This non-psychoactive compound of the cannabis plant has been shown in studies to effectively mitigate a number of symptoms of the disorder.
Individuals with schizophrenia need to be on medication for the rest of their lives in order to manage its symptoms which can be debilitating, disabling, and affect daily functioning. The symptoms of schizophrenia include hallucinations, delusions, negative symptoms, disorganized or irrational motor behavior, and more. These can cause people to struggle with motivation, sleeping, work performance, and have issues with social situations.
When it gets bad, schizophrenia can even cause suicidal thoughts and tendencies.
Antipsychotic medications are usually prescribed in order to taper its symptoms. However, these medications have a long list of side effects: dry mouth, rapid heartbeat, drowsiness, dizziness, sun sensitivity, menstrual problems, rashes, and more.
How CBD Helps
Cannabidiol (CBD) has been shown to be a beneficial alternative treatment for people with schizophrenia.
This non-psychoactive compound of the cannabis plant has been shown in studies to effectively mitigate a number of symptoms. The very first study to be conducted analyzing the effect of CBD on schizophrenia occurred in 1995, involving a 19 year old girl who was given 1,500mg of CBD each day for 4 weeks. The researchers found that there was an improvement in her psychotic symptoms.
One of the latest studies in 2021 showed that CBD is beneficial in improving cognition. The study involved 42 patients with schizophrenia, and they were either treated with an antipsychotic medicine called amisulpride, or CBD. While both treatments improved cognition among the study’s participants, CBD of course had resulted in less side effects.
Additionally, there is some promising evidence that CBD, even just one dose, can already treat psychosis. A study from 2020 reveals that it’s helpful in addressing the memory problems that are linked to psychosis. It involved the use of fMRI scans to analyze the brain activity of 13 individuals who were diagnosed with psychosis and how they reacted to one dose of CBD or placebo, plus 16 controls while being asked to do a memory task.
The researchers discovered that activity patterns in the mediotemporal and prefrontal parts of the brain differed among those who took the placebo and compared them to those who didn’t have a psychosis diagnosis. But when those with psychosis were administered one dose of CBD, the activity in these brain areas were similar to the activity in the brains of people who don’t have psychosis, while doing the same tasks.
“Our study provides important insight into which areas of the brain CBD targets. It is the first time research has scanned the brains of people with a diagnosis of psychosis who have taken CBD and, although the sample is small, the results are compelling in that they demonstrate that CBD influences those very areas of the brain that have been shown to have unusual activity in people with psychosis,” says Sagnik Bhattacharyya, the study’s lead author.
“Now not only do we know that CBD works as an antipsychotic, we know it targets the areas of the brain that need to be targeted. This really gives us confidence, and it gives us scientific justification for large scale clinical trials,” Bhattacharyya told Inverse.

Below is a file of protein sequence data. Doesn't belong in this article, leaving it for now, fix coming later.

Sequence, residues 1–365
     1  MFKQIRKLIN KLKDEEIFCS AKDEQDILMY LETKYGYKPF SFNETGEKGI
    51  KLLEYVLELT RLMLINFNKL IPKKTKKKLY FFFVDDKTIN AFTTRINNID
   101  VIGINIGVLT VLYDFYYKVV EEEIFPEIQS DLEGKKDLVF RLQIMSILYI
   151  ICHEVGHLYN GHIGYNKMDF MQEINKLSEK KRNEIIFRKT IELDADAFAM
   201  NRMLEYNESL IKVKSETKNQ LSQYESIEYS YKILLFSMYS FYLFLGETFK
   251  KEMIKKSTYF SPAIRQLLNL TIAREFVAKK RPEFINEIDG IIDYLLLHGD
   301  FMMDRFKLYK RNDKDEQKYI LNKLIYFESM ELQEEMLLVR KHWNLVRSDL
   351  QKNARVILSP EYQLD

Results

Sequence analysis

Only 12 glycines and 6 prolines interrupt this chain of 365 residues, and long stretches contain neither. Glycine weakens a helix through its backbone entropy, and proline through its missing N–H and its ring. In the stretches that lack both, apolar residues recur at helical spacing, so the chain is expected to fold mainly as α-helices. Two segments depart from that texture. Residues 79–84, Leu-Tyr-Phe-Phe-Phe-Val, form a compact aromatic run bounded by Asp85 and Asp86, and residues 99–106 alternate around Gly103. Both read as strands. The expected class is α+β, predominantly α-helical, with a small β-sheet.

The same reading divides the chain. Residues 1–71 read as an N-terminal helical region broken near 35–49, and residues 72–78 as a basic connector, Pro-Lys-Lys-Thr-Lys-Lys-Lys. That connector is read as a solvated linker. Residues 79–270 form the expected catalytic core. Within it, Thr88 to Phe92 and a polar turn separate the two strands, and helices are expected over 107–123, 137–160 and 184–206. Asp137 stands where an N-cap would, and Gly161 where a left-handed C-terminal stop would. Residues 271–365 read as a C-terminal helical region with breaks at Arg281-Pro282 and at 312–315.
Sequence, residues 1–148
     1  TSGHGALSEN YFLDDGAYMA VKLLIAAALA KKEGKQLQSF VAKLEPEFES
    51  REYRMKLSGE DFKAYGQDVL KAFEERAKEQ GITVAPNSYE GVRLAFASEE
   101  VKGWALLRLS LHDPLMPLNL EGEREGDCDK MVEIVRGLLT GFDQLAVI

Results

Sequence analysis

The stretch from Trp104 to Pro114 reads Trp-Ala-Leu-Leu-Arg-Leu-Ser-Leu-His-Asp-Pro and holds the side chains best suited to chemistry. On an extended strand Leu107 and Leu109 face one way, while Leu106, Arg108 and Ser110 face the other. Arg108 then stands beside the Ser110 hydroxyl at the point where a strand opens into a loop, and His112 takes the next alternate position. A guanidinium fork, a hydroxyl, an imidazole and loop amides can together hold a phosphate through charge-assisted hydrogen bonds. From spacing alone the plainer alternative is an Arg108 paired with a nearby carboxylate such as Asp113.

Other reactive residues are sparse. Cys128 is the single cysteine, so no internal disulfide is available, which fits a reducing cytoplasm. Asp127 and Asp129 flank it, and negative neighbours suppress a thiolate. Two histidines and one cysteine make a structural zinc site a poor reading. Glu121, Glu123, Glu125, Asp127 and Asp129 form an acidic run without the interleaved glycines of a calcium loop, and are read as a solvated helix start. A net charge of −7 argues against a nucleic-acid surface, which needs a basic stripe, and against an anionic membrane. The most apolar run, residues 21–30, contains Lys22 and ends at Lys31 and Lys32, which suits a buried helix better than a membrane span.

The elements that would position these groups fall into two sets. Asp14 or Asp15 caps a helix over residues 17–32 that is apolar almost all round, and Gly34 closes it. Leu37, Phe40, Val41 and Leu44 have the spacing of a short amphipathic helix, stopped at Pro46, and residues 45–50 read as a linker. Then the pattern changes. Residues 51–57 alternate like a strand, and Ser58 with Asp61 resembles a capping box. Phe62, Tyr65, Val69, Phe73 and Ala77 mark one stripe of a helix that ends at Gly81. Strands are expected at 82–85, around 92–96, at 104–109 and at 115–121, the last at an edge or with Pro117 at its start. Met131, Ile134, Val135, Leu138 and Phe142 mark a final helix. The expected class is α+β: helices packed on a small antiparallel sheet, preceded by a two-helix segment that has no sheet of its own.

“This study provides important insight into the brain mechanisms behind the antipsychotic effects of CBD,” he says. “It gives confidence in the antipsychotic potential of CBD by demonstrating that it targets the function of brain regions implicated in psychosis and indicating that even a single dose may ameliorate some of the brain function alterations that may underlie psychosis.”
“The finding that psychotic symptoms may show a trend toward improvement in this group even after one dose of CBD is encouraging, however, requires a larger scale clinical trial to investigate if the effects would continue with longer term treatment,” Bhattacharyya adds.
“The results form an important part of the picture that scientific research is building on the effects of CBD and will help support the case for further clinical trials on the use of CBD in different stages of psychosis as well as other neuropsychiatric diseases such as Parkinson’s disease where a proportion of patients may also experience psychotic symptoms.”
What To Know If You Want to Use CBD to Treat Schizophrenia
While there are studies proving that CBD is beneficial for schizophrenia, it is never recommended first and foremost to skip your usual medications and use CBD without consulting your doctor. And when shopping around for CBD treatment, avoid buying online if you aren’t sure of the brand name; keep in mind that most studies tend to use pure CBD and higher doses of it.
In addition, CBD can also have undesirable interactions with antipsychotic medications, so it’s never recommended to combine them nor with other types of medications.
Last but not least, some CBD products may contain THC, which has been shown to worsen the effects of schizophrenia. It could be tempting to self-medicate, but this is something that you should never do when battling a serious condition like schizophrenia. Always ask for the guidance of your physician first.